The 7 Foods That Drastically Raise Cholesterol

the-7-foods-that-drastically-raise-cholesterol

Cardiovascular diseases are the leading cause of death in developed and developing countries. High concentrations of LDL cholesterol and triglycerides as well as low concentrations of HDL cholesterol are associated with a high risk of cardiovascular disease. To maintain your heart health, it’s important to eat foods that lower cholesterol and avoid high cholesterol foods that lead to inflammation and weight gain. When it comes to lowering high cholesterol naturally, you don’t have to strictly avoid all high cholesterol foods. In fact, foods that contain cholesterol can still be eaten on a regular basis. It’s all about moderation and balance. It’s about eating a combination of nutrient-dense foods that fight inflammation and get to the root of the problem, while avoiding more harmful high-cholesterol foods like processed foods and alcohol.

What is high cholesterol?

Cholesterol is a waxy, fat-like substance , which is found in all cells of the body. Our body needs cholesterol to make hormones that protect the body, vitamin D and bile salts needed to break down carbohydrates, fats and proteins. In addition, the brain and nervous system depend on cholesterol for the creation of neurotransmitters like serotonin and dopamine.

Our body makes the cholesterol we need, but we also find it in our diet. If you have too much cholesterol, it begins to build up in your arteries and can lead to atherosclerosis, or hardening of the arteries. Eventually, high cholesterol can lead to problems with the heart and blood circulation, leading to dangerous blood clots and inflammation that can lead to heart attacks and strokes. High cholesterol alone does not determine the risk of heart attack or stroke.

Other factors come into play, such as blood pressure, whether or not they smoke, whether or not they have diabetes, age and sex.

Many people do not know that their cholesterol level is too high because they do not usually have no symptoms. High cholesterol can cause a dangerous buildup of cholesterol and other deposits in the walls of your arteries, reducing blood flow through the arteries. This can lead to coronary heart disease and complications, such as chest pain (angina pectoris), heart attack and stroke.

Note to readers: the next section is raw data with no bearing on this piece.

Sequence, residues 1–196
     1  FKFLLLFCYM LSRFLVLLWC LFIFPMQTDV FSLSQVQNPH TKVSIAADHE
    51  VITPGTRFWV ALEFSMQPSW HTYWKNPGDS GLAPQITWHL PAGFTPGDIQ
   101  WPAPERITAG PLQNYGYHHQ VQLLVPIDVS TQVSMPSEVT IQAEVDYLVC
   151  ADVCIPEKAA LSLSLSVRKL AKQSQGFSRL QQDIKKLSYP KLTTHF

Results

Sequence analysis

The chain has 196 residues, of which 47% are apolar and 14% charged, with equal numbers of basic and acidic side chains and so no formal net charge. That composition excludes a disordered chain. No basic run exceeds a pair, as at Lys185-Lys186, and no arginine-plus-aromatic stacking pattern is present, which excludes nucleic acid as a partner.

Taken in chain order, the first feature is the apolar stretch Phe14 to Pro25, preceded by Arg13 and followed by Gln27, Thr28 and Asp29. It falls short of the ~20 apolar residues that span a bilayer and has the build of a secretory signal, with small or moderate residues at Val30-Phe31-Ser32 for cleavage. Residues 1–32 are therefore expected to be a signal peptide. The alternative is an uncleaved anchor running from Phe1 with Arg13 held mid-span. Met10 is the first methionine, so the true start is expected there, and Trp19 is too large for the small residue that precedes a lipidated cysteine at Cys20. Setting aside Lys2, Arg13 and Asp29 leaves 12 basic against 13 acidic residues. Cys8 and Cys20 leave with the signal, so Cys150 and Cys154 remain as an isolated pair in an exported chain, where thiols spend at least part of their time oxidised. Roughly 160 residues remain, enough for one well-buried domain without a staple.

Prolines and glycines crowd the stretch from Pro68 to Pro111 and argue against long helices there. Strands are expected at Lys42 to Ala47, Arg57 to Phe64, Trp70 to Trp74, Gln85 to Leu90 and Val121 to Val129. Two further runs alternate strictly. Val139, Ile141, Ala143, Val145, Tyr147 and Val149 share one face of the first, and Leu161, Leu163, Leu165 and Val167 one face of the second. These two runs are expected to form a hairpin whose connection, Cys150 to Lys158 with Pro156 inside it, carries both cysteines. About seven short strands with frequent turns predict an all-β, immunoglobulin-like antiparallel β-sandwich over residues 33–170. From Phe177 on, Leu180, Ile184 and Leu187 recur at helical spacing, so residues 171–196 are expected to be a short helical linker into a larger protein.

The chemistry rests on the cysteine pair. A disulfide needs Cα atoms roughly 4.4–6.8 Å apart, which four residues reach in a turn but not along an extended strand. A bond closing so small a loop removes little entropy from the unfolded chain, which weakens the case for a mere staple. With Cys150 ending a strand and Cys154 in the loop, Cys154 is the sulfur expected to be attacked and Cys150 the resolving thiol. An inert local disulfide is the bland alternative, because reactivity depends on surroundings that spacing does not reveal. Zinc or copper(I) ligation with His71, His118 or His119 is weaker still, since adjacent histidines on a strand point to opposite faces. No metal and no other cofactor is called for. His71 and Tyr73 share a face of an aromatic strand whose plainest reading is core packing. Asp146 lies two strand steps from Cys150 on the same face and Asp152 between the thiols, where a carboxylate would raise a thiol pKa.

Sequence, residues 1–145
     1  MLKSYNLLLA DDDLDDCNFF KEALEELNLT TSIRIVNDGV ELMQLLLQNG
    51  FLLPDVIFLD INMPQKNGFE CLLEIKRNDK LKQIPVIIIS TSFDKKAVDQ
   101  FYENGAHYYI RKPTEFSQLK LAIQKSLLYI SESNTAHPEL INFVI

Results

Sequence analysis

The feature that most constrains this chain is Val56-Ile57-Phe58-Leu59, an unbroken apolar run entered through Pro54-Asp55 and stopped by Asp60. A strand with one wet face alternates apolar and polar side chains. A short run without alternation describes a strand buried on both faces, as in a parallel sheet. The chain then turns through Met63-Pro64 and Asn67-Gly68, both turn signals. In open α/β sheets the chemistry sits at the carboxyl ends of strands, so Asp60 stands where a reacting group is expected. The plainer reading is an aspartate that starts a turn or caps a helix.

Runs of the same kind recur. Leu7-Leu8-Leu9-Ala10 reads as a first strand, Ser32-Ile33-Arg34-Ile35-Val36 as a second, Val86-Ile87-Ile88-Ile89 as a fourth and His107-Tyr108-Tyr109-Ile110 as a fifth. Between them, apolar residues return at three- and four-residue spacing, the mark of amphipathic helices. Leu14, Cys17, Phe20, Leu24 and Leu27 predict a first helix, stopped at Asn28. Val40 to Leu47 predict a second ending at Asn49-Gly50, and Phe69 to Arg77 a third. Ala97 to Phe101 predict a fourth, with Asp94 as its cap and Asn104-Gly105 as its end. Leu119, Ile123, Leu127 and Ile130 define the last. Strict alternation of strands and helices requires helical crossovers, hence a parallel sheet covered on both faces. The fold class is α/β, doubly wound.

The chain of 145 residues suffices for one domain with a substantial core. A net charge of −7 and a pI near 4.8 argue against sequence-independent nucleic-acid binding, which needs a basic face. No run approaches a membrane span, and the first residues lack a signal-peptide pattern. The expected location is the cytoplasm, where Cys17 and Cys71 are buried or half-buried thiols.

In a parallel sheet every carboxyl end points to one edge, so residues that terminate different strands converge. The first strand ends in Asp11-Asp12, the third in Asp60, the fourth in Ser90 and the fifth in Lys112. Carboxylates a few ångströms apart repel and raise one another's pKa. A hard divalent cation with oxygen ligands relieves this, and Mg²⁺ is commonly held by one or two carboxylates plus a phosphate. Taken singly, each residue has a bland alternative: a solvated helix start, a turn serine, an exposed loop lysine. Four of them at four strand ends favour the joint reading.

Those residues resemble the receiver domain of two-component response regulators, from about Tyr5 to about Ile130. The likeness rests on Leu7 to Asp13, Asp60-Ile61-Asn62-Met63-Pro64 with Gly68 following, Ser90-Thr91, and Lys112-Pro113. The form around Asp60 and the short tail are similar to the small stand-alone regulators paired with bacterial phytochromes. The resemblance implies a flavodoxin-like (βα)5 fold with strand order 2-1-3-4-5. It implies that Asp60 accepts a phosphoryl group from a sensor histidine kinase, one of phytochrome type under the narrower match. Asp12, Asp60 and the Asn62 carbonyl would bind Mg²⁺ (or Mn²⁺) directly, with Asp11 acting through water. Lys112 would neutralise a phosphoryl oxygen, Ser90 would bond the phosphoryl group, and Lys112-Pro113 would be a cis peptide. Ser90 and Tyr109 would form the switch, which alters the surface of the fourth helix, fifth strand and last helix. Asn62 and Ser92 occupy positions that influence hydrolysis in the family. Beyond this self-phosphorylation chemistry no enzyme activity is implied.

For several decades, governments have recommended that adults healthy people limit their cholesterol intake to 300 milligrams per day. However, based on recent evidence, there are serious issues with this current dietary restriction, leading to discussions about national recommendations which were ultimately changed. The truth is that not all high cholesterol foods are bad for your health. In fact, some may even increase HDL cholesterol levels and improve your cardiovascular health.

To distinguish between foods high in cholesterol you should avoid consuming foods high in cholesterol that are high in cholesterol. ‘one can still consume, the most important factor is inflammation. Foods that cause weight gain and inflammation are the ones that should be eliminated from your diet to promote cardiovascular health.

Here are the main food sources of cholesterol

– Eggs and egg-based dishes: 13 %.

– Chicken and chicken-based dishes: 13%

– Beef, mixed dishes made from beef and burgers: %.

– Fat cheese – 4

– Sausage, hot dogs, bacon: 4%

– Fish and fish-based dishes: 3%

– Dairy desserts: 3%

– Pasta and pasta dishes: 3%


– Pizza: 3%

– Charcuterie: 3%

Interestingly, not all of these high cholesterol foods have an imp negative effect on our total cholesterol level. Foods that cause inflammation are the most harmful and increase our chances of developing heart disease. Poor quality animal products are highly inflammatory, as are toxic oils made using chemicals and solvents. Alcohol, sugar, and caffeine are all stimulants that the liver can use to produce more cholesterol, which increases levels of inflammation.

Research shows that increased body weight is associated with high cholesterol levels and an increased risk of coronary heart disease. Therefore, losing weight and cutting out foods that contribute to weight gain and inflammation help you lower your total cholesterol and LDL cholesterol levels. The following foods should be avoided to lower LDL cholesterol levels and increase HDL cholesterol levels